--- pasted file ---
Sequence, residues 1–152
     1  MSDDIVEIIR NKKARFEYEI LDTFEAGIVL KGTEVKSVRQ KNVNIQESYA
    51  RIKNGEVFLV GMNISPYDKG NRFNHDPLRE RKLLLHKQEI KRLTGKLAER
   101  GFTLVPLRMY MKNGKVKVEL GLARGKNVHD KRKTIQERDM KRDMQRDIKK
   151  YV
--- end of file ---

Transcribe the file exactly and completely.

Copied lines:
Sequence, residues 1–152
     1  MSDDIVEIIR NKKARFEYEI LDTFEAGIVL KGTEVKSVRQ KNVNIQESYA
    51  RIKNGEVFLV GMNISPYDKG NRFNHDPLRE RKLLLHKQEI KRLTGKLAER
   101  GFTLVPLRMY MKNGKVKVEL GLARGKNVHD KRKTIQERDM KRDMQRDIKK
   151  YV